Michener Art Museum exhibit explores impact of conscious dreaming on contemporary art and culture

From daydreams to nightmares, images and stories fill our heads helping us to solve problems, explore fantasies and unlock hidden feelings. In a lucid dream, the dreamer can consciously control characters and settings. Lucid Dreaming, the second exhibition in the vibrant news series Shift: Investigations in Contemporary Art at the James A. Michener Art Museum in Doylestown, features paintings, photographs, film and sculpture with recurring elements, unusual juxtapositions and narratives that skew both time and space. On view in the Museum’s Pfundt Gallery from January 17 through April 12, 2009, this exhibition and the dreams recounted through it, reveal prevailing attitudes about the body and its place within contemporary art and culture.
Charlotte Schulz


Lucid Dreaming is sponsored by Mary Lou and Andrew Abruzzese of The Pineville Tavern.

“The process of ‘constructed visualization’ is something that artists do by their very nature,” explains Kristy Krivitsky, the Museum’s Associate Curator of Contemporary Art and organizer of the Shift series. “They consciously create new realities—they dream new worlds—and through the act of giving their dreams physical form, they share their private universes with us, the viewers. This exhibition focuses not only on the active construction of dreamlike imagery by contemporary artists, but also on the body and the dominant role it often plays in dreams.”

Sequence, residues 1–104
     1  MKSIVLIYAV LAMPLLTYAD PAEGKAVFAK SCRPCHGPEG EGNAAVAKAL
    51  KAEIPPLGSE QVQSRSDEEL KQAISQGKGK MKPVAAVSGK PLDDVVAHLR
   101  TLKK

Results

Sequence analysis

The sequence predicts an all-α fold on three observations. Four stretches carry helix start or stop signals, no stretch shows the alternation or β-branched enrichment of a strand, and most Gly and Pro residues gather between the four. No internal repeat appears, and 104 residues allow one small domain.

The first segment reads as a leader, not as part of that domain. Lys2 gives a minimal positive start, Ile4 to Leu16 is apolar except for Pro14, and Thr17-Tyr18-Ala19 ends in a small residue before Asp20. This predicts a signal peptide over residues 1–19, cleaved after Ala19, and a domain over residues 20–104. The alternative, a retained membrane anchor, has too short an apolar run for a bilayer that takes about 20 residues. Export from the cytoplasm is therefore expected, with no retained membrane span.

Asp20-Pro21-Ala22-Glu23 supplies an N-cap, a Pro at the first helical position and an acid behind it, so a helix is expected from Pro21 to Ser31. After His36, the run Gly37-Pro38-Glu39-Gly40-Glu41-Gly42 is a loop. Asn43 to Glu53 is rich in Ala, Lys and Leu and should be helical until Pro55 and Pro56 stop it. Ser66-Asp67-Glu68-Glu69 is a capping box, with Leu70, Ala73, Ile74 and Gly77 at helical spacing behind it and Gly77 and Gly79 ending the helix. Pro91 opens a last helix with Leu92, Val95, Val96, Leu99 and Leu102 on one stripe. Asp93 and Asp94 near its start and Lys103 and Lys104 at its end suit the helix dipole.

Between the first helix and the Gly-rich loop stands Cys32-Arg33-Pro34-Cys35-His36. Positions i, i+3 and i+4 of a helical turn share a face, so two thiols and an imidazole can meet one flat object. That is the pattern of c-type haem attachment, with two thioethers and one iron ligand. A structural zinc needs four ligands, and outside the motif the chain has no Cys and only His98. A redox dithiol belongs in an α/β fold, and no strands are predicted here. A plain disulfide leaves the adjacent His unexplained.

Among the six artistic viewpoints in this exhibition, Lindsay Pichaske’s ceramic sculptures examine the effects of obsession on the body, while Tina Newberry investigates the construction of identity by taking on different personas in her paintings. The collaborative group Subcircle, through dance films conceived and directed by Nicole and Jorge Cousineau, interprets how disruptions of space and time impact our understanding of the world. Stacey Steers creates mixed media collages to use as stills for animations which explore our constructed identity and social interactions. Through careful blending of charcoal and erasure, Charlotte Schultz creates dreamlike environments in which we can meditate on the influence of television and computer screens on our everyday lives. Meanwhile, the angles, space, reflections and light in Connie Imboden’s photographs uncover surreal images of the human body.

The Museum offers a special exhibition lecture, entitled “Body Building: Figuration in Contemporary Art,” on Tuesday, February 3, 2009 from 1:00 to 2:00 p.m. ($15.00 per person / $8.00 for Museum members). Krivitsky gives a summary of artists who have focused on the body as both a subject and as a material in order to make personal, psychological and political statements. Advance registration is required by calling (215) 340-9800.

Michener Art Museum